Monday, July 30, 2007

A Lie Gets Halfway Round the World

Before the truth even laces up its boots...

Future of Stem Cell Tests May Hang on Defining Embryo Harm

With the active encouragement of the Bush administration, U.S. scientists in the past year have developed several methods for creating embryonic stem cells without having to destroy human embryos.
But some who now wish to test their alternatively derived cells have found themselves stymied by an unexpected barrier: President Bush's stem cell policy.

The truth is that no scientist in the country has been unable to perform research due to Bush's stem cell policy. What they have been unable to do is to get Federal Funding for their work. They are still allowed by law to do the research, but the big bad gov't won't fork out money to them anymore. A fact that the article mentions in passing, but briefly, so as not to stop ripping Bush apart for his "anti-scientific attitudes".

The question is whether stem cells made this way are as versatile as those harvested from destroyed embryos. And what about stem cells created by other means, such as those of Anthony Atala, the Wake Forest University scientist who in January announced he had isolated embryonic stem cell equivalents from amniotic fluid?

Well, let's hope not, as embryonic stem cells have brought us naught but decades of failure. The much heralded "versatility" of embryonic stem cells is a complete myth. They have made nothing but tumors, while the adult stem cells that real scientists use have cured dozens of the very diseases that the politically driven part of the science community promises us that ESC will evenutally provide, 20 years or more in the future.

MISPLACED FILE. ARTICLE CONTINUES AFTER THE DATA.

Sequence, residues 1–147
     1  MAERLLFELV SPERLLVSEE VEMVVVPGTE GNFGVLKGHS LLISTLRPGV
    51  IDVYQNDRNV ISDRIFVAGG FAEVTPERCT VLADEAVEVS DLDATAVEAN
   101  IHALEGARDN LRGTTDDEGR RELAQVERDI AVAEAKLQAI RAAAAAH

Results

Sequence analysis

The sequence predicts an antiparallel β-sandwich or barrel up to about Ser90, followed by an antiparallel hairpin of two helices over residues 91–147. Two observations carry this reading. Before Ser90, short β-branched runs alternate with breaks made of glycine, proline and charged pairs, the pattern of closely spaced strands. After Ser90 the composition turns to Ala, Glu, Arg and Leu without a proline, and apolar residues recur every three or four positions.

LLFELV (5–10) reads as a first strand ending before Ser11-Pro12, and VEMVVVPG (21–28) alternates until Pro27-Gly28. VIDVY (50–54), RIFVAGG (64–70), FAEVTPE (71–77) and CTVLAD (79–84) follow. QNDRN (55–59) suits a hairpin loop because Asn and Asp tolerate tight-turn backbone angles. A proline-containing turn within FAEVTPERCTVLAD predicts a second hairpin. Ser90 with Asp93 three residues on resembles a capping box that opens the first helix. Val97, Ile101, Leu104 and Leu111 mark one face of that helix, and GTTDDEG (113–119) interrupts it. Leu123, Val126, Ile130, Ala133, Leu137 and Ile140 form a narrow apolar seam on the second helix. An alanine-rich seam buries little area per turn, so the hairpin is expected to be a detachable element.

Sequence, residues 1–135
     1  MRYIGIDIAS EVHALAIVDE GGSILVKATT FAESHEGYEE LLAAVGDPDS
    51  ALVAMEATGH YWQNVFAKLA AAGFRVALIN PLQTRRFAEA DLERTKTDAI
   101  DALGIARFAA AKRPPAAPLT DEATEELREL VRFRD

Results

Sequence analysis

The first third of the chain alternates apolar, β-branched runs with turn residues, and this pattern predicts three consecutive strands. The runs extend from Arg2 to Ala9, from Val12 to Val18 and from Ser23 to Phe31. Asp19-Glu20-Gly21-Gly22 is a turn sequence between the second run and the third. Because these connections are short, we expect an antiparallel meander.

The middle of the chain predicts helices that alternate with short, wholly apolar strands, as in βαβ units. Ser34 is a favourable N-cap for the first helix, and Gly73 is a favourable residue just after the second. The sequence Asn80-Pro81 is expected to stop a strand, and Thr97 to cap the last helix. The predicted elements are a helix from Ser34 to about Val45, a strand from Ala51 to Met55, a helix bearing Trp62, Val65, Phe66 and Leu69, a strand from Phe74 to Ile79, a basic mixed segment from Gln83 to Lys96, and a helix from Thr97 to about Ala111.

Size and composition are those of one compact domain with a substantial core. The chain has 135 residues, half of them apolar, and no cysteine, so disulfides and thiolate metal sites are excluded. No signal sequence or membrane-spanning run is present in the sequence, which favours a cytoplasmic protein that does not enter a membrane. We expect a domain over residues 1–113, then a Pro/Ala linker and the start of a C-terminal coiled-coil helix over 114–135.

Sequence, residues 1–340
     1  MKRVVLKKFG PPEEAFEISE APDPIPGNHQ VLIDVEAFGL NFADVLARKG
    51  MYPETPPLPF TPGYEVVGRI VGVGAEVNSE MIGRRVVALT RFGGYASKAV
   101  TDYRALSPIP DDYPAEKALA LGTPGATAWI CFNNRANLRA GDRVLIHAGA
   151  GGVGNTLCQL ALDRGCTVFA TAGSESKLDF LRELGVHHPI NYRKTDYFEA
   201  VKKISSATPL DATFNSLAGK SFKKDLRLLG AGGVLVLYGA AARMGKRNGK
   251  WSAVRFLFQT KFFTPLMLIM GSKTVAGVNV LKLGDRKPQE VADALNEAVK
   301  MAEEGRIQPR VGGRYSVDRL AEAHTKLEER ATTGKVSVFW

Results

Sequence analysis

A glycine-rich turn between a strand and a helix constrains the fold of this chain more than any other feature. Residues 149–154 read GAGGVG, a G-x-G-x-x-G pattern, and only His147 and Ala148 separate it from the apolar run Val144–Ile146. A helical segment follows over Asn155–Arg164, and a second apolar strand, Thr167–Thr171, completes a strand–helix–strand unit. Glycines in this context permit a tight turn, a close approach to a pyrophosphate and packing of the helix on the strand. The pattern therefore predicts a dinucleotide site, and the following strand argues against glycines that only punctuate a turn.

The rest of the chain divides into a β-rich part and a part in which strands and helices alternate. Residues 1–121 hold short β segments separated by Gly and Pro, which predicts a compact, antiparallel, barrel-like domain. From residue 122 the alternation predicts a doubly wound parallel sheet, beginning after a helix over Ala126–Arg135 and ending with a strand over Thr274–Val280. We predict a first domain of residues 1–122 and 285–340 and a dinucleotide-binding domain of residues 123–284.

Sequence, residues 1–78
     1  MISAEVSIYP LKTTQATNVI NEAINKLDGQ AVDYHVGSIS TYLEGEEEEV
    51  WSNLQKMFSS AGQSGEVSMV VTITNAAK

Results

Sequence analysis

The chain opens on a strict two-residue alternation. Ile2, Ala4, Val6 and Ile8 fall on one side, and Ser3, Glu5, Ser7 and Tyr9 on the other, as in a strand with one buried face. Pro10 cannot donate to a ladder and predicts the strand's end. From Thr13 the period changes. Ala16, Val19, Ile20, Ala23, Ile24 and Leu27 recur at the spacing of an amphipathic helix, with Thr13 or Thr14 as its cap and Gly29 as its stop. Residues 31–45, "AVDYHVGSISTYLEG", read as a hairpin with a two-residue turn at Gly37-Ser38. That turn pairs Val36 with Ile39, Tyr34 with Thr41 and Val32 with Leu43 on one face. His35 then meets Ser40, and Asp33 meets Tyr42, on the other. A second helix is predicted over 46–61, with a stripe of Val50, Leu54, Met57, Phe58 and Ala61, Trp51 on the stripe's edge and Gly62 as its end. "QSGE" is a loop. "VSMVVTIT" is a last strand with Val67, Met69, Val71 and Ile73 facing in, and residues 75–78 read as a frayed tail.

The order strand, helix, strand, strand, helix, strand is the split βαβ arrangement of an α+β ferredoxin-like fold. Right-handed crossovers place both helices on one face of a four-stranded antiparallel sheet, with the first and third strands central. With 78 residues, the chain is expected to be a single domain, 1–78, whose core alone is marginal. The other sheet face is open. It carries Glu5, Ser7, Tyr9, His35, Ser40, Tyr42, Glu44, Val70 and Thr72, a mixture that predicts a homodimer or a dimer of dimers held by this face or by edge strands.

And now for the whopper:

Sean Tipton, president of the Coalition for the Advancement of Medical Research, a stem cell research advocacy group, said the policy amounts to a Catch-22.
"On the one hand, they're saying, 'Find this out,' " Tipton said, referring to the Bush administration's repeated call for scientists to find ways to make and study stem cells without destroying embryos. "On the other hand, they're saying, 'You're not allowed to do the research to answer these questions.' "

As I originally noted in my article Please Ignore the Man Behind the Embryonic Stem Cell Initiatives Curtain, this debate has absolutely ZERO to do with science. This debate rests wholly on the responsibility to fund research that not only has given us nothing for decades, but has no promise of ever giving us anything.
No scientist has been impacted in any way by Bush's federal order. ESC is state funded in Missouri and California, and maybe a couple of other states. Harvard is doing research on it. These scientists are just crying that they can't fund their lackluster research that, on it's face, seems to have as little potential as the rest of the ESC field. If their research even seemed promising, they'd get private funding. The government is the last resort for failed science that produces nothing, so that the scientists involved can suck at the government teet, and not have to work at producing new ideas.

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